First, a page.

Saturday, January 26, 2008

Catholic School Boards ignore queer students, reject participating in groundbreaking homophobia student survey...

When I was a closeted, Catholic high school student in Guelph in the 1980s, I would've liked to know that those running my school system cared. It's hard enough getting through high school, as we know. But for gay youth, it can be excruciatingly painful. As an invisible minority, we suffer in complete silence, trying desperately to appear normal and average, when inside we're going through intense turmoil.

When we should be discovering ourselves and exploring what it means to be a human being without having to live with the responsibility of adulthood, it's awful so many queer youth find themselves hiding and lying. I used to calculate my every gesture, my every word, in order to make sure no one could detect my gay side. I was an expert in denial. I often look back now and wish things had been different.

Homophobia was a terrible problem in my high school. Anti-gay jokes and vitriol were widespread. Staying closeted was the safest way to survive the experience, although I was harassed from time to time for seeming a little queer. I suspect most queer youth still remain in the closet for the duration of their high school years, although we do know of many brave souls who tell their fellow students the truth. Still, those who come out in high school take huge risks, possibly subjecting themselves to violence and harassment.

Recently, EGALE Canada (Equality for Gays and Lesbians Everywhere) announced it would conduct a major student survey of homophobia in Canadian schools, partnering with the University of Winnipeg. Education Professor Catherine Taylor is heading a research team that hopes to hear from 10,000 Canadian high school students by June of this year.

"It's a huge issue in education. People have been dragging their heels, because it's a hot-button issue," Taylor said.

"We're trying to get a really good snapshot of the environment in schools right now," Taylor said. "There has been a lack of good data on the situation in Canadian schools."

Sadly, not all school boards are interested in exploring and alleviating the personal hells their queer students are experiencing under their watch. The CBC ran this story yesterday detailing how two Ontario Catholic school boards (plus one in Alberta) rejected allowing their students to participate in the groundbreaking survey.

One rejection letter came from the chair of the Wellington Catholic District School Board in Guelph, my hometown. Rev. Dennis Noon wrote in capital letters "Not interested thank you," and later told CBC News that homophobia is not a big issue for his board.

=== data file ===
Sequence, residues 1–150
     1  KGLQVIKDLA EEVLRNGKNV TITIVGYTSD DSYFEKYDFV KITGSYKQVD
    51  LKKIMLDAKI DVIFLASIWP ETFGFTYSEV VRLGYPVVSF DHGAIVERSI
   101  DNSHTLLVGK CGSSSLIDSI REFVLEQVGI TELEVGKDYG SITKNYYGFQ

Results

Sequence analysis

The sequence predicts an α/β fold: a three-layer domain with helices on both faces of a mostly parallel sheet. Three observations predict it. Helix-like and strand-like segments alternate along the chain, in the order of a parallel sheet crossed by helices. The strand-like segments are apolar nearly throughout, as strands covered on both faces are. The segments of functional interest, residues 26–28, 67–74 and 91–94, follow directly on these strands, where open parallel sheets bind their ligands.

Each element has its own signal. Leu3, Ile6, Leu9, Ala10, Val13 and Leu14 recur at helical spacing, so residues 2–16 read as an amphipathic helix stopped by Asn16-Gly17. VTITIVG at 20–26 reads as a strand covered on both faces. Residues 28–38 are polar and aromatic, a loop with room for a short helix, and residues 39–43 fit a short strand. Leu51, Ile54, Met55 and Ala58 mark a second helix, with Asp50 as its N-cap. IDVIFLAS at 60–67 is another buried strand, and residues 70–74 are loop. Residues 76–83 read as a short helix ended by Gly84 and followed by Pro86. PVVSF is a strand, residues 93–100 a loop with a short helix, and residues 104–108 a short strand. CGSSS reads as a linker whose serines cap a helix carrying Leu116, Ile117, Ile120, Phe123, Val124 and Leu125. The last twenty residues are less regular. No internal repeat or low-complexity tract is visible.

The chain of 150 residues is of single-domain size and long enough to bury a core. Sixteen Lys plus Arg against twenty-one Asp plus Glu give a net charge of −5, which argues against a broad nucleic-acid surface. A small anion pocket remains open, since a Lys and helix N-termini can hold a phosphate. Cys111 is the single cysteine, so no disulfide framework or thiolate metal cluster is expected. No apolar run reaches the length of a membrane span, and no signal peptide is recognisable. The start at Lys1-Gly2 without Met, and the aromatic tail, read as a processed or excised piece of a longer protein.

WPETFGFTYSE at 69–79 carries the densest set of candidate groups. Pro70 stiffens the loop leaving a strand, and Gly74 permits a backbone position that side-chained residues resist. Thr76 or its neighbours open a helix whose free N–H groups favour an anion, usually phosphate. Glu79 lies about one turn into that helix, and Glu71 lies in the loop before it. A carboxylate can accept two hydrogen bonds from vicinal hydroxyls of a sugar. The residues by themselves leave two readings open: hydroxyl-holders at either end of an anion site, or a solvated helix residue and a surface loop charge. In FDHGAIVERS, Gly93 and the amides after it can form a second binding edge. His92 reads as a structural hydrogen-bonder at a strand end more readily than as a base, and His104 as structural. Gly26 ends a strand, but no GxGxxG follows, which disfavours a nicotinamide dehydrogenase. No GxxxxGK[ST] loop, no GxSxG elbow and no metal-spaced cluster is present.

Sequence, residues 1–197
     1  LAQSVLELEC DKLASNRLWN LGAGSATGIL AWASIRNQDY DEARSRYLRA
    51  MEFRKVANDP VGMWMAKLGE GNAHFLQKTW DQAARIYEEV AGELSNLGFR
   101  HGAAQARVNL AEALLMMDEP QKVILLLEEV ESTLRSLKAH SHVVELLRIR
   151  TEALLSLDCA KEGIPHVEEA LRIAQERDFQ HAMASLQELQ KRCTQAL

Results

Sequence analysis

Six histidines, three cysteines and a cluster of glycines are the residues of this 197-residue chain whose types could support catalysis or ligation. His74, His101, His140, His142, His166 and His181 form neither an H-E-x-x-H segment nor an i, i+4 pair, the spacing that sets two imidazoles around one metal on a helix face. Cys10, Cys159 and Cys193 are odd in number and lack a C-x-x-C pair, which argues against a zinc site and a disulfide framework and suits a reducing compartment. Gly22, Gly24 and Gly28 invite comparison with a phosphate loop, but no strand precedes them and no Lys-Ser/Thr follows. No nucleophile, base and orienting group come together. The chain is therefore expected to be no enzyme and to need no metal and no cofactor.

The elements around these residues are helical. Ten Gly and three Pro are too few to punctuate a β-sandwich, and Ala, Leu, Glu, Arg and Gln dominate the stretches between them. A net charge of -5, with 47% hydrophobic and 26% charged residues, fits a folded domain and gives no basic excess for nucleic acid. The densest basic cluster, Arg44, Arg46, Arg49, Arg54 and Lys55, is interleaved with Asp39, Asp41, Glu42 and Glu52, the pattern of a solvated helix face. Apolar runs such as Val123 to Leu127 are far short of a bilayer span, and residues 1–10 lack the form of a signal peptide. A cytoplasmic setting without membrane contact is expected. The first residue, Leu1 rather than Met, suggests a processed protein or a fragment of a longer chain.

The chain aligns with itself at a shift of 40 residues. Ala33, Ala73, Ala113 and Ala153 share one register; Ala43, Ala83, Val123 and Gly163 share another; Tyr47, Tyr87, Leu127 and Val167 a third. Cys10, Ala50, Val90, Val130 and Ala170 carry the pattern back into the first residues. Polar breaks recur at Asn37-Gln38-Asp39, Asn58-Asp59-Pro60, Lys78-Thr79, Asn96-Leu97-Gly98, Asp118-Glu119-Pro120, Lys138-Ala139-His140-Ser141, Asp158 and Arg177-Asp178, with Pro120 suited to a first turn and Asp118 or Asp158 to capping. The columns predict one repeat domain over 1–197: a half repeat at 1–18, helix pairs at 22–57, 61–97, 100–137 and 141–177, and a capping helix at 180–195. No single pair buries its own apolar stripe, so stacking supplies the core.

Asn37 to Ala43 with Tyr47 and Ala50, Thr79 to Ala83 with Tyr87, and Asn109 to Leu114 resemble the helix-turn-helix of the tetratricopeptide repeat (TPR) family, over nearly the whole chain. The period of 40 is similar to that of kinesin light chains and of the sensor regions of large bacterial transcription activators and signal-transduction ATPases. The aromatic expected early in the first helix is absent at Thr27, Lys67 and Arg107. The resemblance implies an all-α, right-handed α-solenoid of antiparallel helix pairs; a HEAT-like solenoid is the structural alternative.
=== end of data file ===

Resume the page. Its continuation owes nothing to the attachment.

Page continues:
Really, Reverend Noon? You don't know what's happening in your schools, I must say.

This brings up yet again the touchy question of mixing religion and public education. This kind of knee-jerk rejection by Catholic school trustees reminds me of how the Catholic school board in Oshawa handled the case of Marc Hall in 2002. Openly gay, Hall wanted to take his then-boyfriend with him to their school prom, but his principal and then the board's trustees told him no, worried giving him this freedom would violate the precepts of the Catholic faith. Hall won in the end when a court injunction forced the board to allow Hall to bring his boyfriend to the prom.

Although the Hall case never made it to trial (as Hall dropped the case a few years later), the court injunction provided some insight into how our courts view the rights of students versus the rights of Catholic school boards, at least in Ontario. Catholic school boards in Ontario are publicly-funded, after all. Thus they should have a responsibility to adhere to Ontario's human rights laws, not just Catholic doctrine.

By allowing homophobia to go unchallenged in their schools, to the point where they won't even let students participate in a survey like this, these Catholic school trustees have once again let their queer students down. Shame.

If Catholic boards keep this up, support for abolishing these separate boards in Ontario will only continue to grow. As we know, the status quo in Ontario - whereby the public funds one public system alongside one Catholic system - is discriminatory and unfair to other faiths. As most Ontarians reject the John Tory notion of expanding religious education, the only other acceptable option is to abolish the Catholic system in Ontario in favour of one public system for all.


Paula Conning said...

Rev. Noon from the WCDSB sounds just like President Abbadinajad from Iran, "We don't have a problem we gays, but we don't have any in Iran". We need to stop publicly funding this discriminatory school system.

Simon said...

Good post Matt. And well done for telling people what homophobia meant to YOU. Because even if it's not pleasant to remember those helps other people understand them.
And yup...secular schools are the ONLY way to go.